Joe Papp, the great theater impresario, produced plays about outsiders. His devotion to the outcast or interloper helped create a new era on Broadway. To champion the underdog, it helps to feel like an underdog.  Joe Papp was such an outsider, a product of his Jewish identity.

To be Jewish is to step into a tradition of being an outsider. Torah had its own mechanisms of creating outsiders. In parshat Naso, we read various ways Torah created “othering” categories. Favored persons might be priests or those who are pure. The priests placed impure people outside the camp.

If you wanted to achieve greater purity, you could expand your “otherness.” In Torah, you might become a Nazir. A Nazir demonstrated tremendous commitment, living an ascetic life in pursuit of a new “insider” status. Joseph Papp was a modern-day seeker of holiness, in the lineage of a Nazir. While not an ascetic, Papp was wholly devoted to a holy cause.

Papp understood that every person has had their nose pressed to the glass, looking inside and feeling like an “other.” The more obvious reasons might be sexual identity, skin color, or immigrant status. Papp intuited that if we approached the world from our own place of differentiation, he could foster understanding and thoughtfulness.

Joe Papp hid his Jewish identity as a young man. Yussel became Joe and Papirofsky became Papp. In his early career, he told no one he was Jewish. A notorious workaholic, Papp began building what became the Public Theater in Manhattan, far off-Broadway, operating as a non-profit organization. That stage showcased the stories of outsiders because of Papp’s worldview. In particular, the Public was a venue for actors of color to embody roles traditionally played by white actors. The theater-going public learned to appreciate the world through the eyes of an “other.”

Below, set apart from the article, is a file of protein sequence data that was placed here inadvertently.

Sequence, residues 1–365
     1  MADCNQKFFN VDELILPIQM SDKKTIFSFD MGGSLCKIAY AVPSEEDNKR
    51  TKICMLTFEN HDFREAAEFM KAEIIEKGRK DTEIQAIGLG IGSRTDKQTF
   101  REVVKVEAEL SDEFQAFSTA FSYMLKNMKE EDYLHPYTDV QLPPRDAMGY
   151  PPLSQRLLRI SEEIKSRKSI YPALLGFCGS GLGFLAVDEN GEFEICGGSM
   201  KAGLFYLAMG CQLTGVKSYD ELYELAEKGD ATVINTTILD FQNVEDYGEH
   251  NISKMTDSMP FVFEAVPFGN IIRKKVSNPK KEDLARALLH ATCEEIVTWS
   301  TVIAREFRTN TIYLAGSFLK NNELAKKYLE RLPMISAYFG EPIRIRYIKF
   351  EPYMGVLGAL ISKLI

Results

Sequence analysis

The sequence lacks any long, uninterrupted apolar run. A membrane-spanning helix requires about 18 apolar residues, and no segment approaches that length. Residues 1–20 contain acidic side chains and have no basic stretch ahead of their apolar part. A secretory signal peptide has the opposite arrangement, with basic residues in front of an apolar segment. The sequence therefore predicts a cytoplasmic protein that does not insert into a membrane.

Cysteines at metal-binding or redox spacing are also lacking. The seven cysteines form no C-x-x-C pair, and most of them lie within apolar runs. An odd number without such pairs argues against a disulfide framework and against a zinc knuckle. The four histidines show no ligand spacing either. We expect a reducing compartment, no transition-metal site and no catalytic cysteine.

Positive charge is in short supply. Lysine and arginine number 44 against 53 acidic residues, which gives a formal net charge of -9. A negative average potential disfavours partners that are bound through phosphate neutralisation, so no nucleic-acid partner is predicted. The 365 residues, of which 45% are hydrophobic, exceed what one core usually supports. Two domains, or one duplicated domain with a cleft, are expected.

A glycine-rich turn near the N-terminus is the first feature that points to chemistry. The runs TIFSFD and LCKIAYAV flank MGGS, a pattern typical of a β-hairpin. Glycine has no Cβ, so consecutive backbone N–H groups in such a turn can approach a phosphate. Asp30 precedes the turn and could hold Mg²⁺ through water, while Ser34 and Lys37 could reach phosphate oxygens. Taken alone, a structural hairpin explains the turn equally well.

Papp turned to Shakespeare early on. His first Shakespearean play in 1962 was The Merchant of Venice. Shylock the moneylender is the quintessential outsider. A Jewish man limited by his identity trying to protect his family and his capital. But Shylock is also portrayed as sinister and craven. The Jewish community of New York protested the choice of play. It was then that Papp made public his own Jewish identity, declaring he would personally direct the play and that he would not produce a play that betrayed his own Jewishness.

The Merchant of Venice, featuring George C. Scott, was a triumph for the Public Theater and a turning point for Joe Papp. Shylock’s anger was portrayed not as the arbitrary venom of a congenitally spiteful man, but rather as a product of Jewish suffering inflicted by anti-Semites and their allies. In Papp’s hands, the scornfulness morphed into an appreciation of the outsider.

Papp was the “nazir” of the New York theater world. He elevated his outsider status, with devotion to a holy cause – to connect every theater goer with the fullness of society. His success can be measured by the broad public awareness his plays gave to racism, the Vietnam war, homophobia, and sexism. The Public theater first brought us The Normal Heart, Hair, and For Colored Girls Who Considered Suicide When the Rainbow is Enuf.

The lesson for us today is to seek out the stories of others. We can begin by acknowledging our own sense of being other. From knowing our own frailty, we can better hear their stories – trans people, new immigrants, our African-American neighbors, and our Asian co-workers. We too can expand understanding and kindness if we allow ourselves to be challenged to see the world through other eyes.

Rabbi Evan J. Krame